Let’s Get Lit-erary: Book to musical adaptations  

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Musicals are often adapted from movies, as well as books. In this article, we discuss many different musicals that first began as literature and progressed into musicals that we know today. Illustration by Kaitlyn Tran/The Daily Campus

Just as movies are often adapted from books, so are musicals. Drawing from the vast literary canon, creators can bring characters to life and push music toward the forefront, serving as the primary vehicle by which the story is delivered.  

First and foremost is Lin-Manuel Miranda’s 2015 musical, “Hamilton,” which was inspired not by a work of fiction, but by Ron Chernow’s biography of founding father Alexander Hamilton. Although drawing from Hamilton’s life and the American Revolution, show creator Miranda put a spin on the story, notably casting non-white actors as historical figures and utilizing hip-hop as the show’s primary genre of music.  

Turning to fiction is “The Phantom of the Opera,” a 1986 musical based on Gaston Leroux’s 1910 French novel of the same name. “The Phantom of the Opera” is currently the longest-running show on Broadway, although production is expected to end in 2023.  

“Les Misérables” is an adaptation of yet another esteemed French novel, this one by novelist and politician Victor Hugo. 32 years after the musical’s original release came a film adaptation starring Hugh Jackman, Anne Hathaway, Eddie Redmayne and Amanda Seyfried.  

In the realm of parody falls John O’Farrell and Karey Kirkpatrick’s “Something Rotten!” While not an adaptation per se, the musical comedy sets its scene during the Renaissance, when playwrights Nick and Nigel Bottom attempt to outshine the wildly successful William Shakespeare.  

Scattered throughout the musical are references to various Shakespeare plays. For example, one character mistakenly reads “Hamlet” as omelette, leading to a production of “Omelette: The Musical.” Even the title “Something Rotten!” is a reference to the character Marcellus’ line in the original tragedy, “something is rotten in the state of Denmark.”  

Another musical parody is “A Very Potter Musical,” a “Harry Potter”-inspired show originally run by StarKids Productions in 2009. Actor Darren Criss, best known for his work on “Glee” not only played Harry Potter in the musical but was also one of the show’s lyricists.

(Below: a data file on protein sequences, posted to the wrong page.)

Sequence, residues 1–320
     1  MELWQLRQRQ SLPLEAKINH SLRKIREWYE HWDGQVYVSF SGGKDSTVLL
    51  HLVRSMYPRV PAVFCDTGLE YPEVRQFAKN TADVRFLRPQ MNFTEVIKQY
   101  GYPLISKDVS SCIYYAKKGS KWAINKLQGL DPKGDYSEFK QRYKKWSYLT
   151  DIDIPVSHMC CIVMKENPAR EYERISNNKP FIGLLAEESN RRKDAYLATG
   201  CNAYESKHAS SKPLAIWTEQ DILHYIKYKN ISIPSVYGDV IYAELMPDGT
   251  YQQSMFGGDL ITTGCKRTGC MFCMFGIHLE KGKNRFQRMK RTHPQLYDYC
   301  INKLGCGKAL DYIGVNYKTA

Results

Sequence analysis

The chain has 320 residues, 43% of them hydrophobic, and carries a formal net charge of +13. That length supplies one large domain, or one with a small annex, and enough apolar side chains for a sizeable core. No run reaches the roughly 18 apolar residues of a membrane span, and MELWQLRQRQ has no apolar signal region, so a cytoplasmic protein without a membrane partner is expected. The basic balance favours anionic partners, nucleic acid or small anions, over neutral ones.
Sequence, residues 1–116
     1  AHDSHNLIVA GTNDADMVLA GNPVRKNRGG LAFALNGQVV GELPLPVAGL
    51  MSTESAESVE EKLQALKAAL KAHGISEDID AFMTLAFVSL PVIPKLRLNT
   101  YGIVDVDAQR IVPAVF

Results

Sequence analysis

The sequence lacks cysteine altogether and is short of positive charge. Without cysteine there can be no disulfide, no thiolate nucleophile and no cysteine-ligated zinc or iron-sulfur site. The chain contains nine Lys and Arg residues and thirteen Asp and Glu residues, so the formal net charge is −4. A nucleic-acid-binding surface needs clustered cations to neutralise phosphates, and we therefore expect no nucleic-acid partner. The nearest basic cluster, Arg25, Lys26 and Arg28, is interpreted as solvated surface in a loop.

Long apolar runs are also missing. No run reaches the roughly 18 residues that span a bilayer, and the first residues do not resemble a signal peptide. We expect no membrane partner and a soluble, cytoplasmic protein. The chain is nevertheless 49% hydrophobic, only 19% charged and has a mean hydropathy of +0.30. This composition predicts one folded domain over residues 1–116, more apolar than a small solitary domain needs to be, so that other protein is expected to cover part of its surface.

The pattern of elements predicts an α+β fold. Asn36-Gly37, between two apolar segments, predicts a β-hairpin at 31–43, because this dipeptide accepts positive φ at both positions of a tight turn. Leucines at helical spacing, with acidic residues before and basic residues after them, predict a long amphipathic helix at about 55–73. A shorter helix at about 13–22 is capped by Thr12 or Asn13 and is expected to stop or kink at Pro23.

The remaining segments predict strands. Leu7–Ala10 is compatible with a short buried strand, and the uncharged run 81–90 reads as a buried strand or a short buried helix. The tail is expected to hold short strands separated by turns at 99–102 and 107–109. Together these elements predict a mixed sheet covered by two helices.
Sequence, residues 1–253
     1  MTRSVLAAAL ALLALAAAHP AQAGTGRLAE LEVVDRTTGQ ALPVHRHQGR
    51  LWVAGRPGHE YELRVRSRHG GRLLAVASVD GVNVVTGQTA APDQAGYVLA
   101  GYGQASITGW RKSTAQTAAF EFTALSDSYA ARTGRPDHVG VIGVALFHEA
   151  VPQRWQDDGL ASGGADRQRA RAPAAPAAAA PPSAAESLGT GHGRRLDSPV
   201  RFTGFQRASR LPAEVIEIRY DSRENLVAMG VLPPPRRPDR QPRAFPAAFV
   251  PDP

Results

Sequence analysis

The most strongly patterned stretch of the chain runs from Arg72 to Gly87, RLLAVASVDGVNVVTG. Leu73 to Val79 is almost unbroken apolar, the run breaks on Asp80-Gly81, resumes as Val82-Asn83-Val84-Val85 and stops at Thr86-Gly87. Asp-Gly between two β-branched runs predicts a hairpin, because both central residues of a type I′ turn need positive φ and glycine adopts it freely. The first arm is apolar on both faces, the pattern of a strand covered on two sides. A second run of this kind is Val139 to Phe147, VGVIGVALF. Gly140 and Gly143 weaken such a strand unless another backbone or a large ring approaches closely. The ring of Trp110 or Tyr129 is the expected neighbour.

Moving into a more fantastical realm is the 2003 musical “Wicked,” which tells the story of the witches in Oz, a world developed in L. Frank Baum’s novel “The Wonderful Wizard of Oz.” Inspired by Baum’s book and its 1939 film adaptation, author Gregory Maguire released his novel “Wicked: The Life and Times of the Wicked Witch of the West.” In turn, the Broadway show was technically adapted from Maguire’s book, though it obviously carried over elements of Baum’s original story.  

Another fantasy-based musical is “The Lightning Thief: The Percy Jackson Musical,” inspired by the works of Rick Riordan. The musical covers the first book of the “Percy Jackson & the Olympians” series, in which newly-discovered demigod Percy embarks on a quest to find Zeus’ lightning bolt and stop a full-scale war between the Greek gods.  

On the other hand, there is “Dear Evan Hansen,” a book that was directly inspired by the hit Broadway show of the same name. Author Val Emmich takes the opportunity to further explore Evan’s dilemma and the mounting pressure that builds throughout the narrative. While emotions can certainly be represented in a musical via song or dialogue, there is something unique about first-person narration that only a book can fully capture.  

“Legally Blonde,” “The Color Purple,” and “Matilda” are just a few other works that began as literature — the list of adaptations is endless. In case it was ever doubted, musical adaptations are a form of storytelling just as valid as movie adaptations; musicals keep viewers on their toes, telling narratives in a fun and catchy way.  

3 COMMENTS

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  2. Reading books is quite an exciting process. But it is not always convenient for you to take a book with you to read it in your free time. To make it easier for you, I recommend you to use this site. There you can find and download all the books you are interested in and read them directly from your phone! I think this should be the best solution for you!

  3. Reading books is quite an exciting process. But it is not always convenient for you to take a book with you to read it in your free time. To make it easier for you, I recommend you to use this site. There you can find and download all the books you are interested in and read them directly from your phone! I think this should be the best solution for you!

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